By the time spring semester had ended, Brianna Krejci had already decided what she was not going to do: spend the summer back home in Wisconsin. She turned instead to the Center for Undergraduate Research and Fellowships in her search for a unique summer job that would have an impact on the Philadelphia community. She found it at the Historic Germantown Society.
“When the opportunity arose for me to work on creating plans for new cemetery tours, I just went with it,” says Krejci, whose point of contact, John Pollack of the Rare Books and Manuscripts Library, launched the internship. “It seemed like the perfect way to teach visitors about the people who lived during that time.”
Krejci’s research focused on multiple sites. Historic Fair Hill cemetery houses many notable abolitionists, including Robert Purvis and Lucretia Mott—also a pioneer of women’s rights. Other sites included the cemetery belonging to Germantown Mennonite Meetinghouse, North America’s first Mennonite church, formed in 1683; the cemetery of Concord School House, Germantown’s first English-language school; and Hood Cemetery, the resting place of many important Philadelphians and soldiers from across three wars.
Krejci says historic Germantown’s pivotal role in prominent movements and conflicts—it was the site of the Battle of Germantown during the American Revolutionary War, as well as home to an Underground Railroad station—created a fascinating tapestry of residents. Her research brought her full circle back to Penn’s Rare Books and Manuscripts Library, where she dug through records in order to learn more about the sites and those buried within.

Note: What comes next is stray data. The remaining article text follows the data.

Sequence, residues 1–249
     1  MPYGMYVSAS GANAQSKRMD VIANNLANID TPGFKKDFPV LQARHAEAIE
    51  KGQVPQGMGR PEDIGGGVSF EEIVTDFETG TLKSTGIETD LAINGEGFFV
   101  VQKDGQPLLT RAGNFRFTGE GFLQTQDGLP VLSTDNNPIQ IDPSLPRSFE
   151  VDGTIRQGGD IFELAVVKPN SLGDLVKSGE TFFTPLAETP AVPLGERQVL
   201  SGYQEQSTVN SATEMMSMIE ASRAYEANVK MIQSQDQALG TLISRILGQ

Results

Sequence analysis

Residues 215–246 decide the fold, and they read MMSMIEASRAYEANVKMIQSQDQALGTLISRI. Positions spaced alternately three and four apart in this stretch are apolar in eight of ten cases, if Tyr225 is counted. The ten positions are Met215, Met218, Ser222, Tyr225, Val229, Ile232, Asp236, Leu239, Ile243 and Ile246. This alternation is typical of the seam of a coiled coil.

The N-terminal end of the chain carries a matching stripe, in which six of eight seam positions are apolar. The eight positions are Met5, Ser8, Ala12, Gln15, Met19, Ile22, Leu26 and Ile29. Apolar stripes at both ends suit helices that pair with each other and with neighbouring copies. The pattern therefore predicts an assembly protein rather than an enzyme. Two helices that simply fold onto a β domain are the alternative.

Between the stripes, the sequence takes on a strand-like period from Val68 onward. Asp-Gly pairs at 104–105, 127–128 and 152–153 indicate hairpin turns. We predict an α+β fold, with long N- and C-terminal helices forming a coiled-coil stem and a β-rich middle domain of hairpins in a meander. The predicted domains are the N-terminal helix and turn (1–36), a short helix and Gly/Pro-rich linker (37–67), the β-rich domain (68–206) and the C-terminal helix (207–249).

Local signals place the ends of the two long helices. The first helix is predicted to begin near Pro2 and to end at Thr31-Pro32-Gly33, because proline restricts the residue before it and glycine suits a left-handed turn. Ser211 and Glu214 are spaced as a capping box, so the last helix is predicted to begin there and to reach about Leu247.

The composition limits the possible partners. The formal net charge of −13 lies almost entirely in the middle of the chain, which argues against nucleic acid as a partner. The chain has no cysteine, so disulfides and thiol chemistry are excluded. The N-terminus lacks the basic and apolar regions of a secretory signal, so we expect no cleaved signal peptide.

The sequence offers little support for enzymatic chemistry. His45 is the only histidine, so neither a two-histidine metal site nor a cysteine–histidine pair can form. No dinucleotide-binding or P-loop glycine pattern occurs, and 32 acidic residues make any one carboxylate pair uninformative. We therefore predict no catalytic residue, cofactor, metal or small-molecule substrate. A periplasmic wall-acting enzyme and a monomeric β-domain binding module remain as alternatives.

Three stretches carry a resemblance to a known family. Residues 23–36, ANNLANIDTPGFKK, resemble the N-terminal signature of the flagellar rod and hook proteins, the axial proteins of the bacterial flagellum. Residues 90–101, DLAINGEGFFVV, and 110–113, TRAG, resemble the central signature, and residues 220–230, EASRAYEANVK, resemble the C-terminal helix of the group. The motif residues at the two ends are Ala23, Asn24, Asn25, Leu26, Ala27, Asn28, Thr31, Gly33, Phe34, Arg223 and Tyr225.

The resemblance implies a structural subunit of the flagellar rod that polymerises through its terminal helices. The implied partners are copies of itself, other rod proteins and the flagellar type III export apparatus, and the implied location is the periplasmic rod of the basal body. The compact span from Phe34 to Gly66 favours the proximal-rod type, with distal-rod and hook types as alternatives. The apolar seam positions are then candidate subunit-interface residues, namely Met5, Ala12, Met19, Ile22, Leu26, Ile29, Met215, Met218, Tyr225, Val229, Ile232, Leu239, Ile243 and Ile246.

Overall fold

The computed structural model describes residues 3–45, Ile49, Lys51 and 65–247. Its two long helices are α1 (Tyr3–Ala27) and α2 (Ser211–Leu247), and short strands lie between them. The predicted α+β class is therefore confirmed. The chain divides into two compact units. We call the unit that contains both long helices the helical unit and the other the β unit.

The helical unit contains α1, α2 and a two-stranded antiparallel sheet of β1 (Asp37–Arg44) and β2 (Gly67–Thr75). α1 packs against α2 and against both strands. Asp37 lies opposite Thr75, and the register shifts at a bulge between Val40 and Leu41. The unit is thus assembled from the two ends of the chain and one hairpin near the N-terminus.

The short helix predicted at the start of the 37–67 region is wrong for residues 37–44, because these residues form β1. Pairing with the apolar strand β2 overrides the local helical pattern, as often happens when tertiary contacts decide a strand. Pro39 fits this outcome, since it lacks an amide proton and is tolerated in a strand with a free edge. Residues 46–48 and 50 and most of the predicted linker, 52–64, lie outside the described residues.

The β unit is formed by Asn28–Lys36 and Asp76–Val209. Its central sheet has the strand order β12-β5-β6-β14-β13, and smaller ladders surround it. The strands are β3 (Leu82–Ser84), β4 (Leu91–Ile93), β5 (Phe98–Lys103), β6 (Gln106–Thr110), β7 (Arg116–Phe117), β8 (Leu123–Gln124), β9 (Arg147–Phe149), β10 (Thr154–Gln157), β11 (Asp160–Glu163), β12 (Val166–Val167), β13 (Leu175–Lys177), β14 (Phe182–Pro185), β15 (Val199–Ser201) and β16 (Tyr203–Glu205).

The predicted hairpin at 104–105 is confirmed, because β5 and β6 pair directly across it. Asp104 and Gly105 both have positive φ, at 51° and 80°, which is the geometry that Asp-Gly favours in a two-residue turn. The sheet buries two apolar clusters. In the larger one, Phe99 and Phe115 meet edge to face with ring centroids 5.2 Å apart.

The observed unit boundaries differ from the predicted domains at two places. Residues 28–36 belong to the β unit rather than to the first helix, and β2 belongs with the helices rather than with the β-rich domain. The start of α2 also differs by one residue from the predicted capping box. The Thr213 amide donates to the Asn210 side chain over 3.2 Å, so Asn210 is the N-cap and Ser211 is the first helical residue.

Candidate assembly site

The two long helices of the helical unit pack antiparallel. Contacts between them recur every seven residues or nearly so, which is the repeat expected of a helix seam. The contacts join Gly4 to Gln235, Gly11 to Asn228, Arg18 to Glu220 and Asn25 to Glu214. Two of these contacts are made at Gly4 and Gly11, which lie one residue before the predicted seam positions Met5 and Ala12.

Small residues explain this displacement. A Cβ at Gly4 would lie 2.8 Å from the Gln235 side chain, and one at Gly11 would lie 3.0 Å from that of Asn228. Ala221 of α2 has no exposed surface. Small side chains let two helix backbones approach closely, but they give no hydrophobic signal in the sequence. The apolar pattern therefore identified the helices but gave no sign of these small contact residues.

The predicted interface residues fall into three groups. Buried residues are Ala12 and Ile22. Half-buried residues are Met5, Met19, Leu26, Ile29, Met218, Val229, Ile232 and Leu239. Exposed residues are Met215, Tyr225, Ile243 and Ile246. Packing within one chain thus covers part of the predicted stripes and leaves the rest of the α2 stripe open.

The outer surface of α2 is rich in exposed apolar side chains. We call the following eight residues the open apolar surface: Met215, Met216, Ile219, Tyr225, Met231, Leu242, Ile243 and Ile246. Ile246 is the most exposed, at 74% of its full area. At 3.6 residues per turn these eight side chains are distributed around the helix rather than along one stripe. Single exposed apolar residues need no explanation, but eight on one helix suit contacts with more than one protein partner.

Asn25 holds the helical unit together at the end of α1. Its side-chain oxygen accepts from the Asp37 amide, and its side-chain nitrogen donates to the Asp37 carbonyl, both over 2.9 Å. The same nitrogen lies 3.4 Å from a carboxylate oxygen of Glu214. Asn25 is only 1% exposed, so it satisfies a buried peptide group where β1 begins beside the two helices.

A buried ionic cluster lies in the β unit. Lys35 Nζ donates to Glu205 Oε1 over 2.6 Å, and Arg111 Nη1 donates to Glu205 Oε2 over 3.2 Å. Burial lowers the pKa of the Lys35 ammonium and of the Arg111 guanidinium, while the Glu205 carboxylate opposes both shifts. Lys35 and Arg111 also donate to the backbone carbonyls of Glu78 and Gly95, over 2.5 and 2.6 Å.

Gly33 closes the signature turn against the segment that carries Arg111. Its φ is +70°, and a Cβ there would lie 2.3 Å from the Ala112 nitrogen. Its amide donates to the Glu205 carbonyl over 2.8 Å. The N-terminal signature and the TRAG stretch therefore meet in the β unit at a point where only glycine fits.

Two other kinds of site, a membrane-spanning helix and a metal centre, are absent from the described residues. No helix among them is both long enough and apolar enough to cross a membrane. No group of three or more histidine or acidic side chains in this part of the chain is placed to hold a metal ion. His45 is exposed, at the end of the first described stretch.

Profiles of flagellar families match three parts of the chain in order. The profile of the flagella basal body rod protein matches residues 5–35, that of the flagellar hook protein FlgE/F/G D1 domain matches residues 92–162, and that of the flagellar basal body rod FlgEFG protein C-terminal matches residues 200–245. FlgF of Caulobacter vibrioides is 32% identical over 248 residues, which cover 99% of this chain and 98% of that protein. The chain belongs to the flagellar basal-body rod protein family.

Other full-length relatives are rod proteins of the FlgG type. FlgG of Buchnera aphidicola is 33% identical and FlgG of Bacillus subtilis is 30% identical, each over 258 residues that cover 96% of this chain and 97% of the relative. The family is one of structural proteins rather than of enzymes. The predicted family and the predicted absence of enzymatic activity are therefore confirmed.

At the Historic Fair Hill site, Krejci identified Edward Townsend, a Philadelphia dentist who went on to become the warden of Eastern State Penitentiary from 1870 to 1881, as well as two women listed in the Pennsylvania Veterans database from the Civil War. At Hood Cemetery, she identified Condy Raguet, founder of Philadelphia Savings Fund Society, the first savings bank to operate in the U.S.
“These were people not previously featured on tours,” says Krejci. “So this will be all new information.” And when it comes down to actually visiting the cemeteries, they might not be what you’d expect of centuries-old graveyards. “A lot of these are Quaker burial grounds,” says Krejci. “They are not run down but lush and green. It’s mostly grass—the headstones are only a few inches high.”
In addition to planning the tours, Krejci also worked on summer activities for children and helped harness the power of social media to various historic sites, including a “This Week in History” feature tied to historical figures. Krejci says the tours shoud launch this fall, with more to follow in the spring.
“We are trying to ensure historic Germantown remains relevant and draws the same people who are coming for the Liberty Bell and Independence Hall,” says Krejci. “To show them that these places out along Germantown Avenue are just as crucial to the telling of our country’s history.”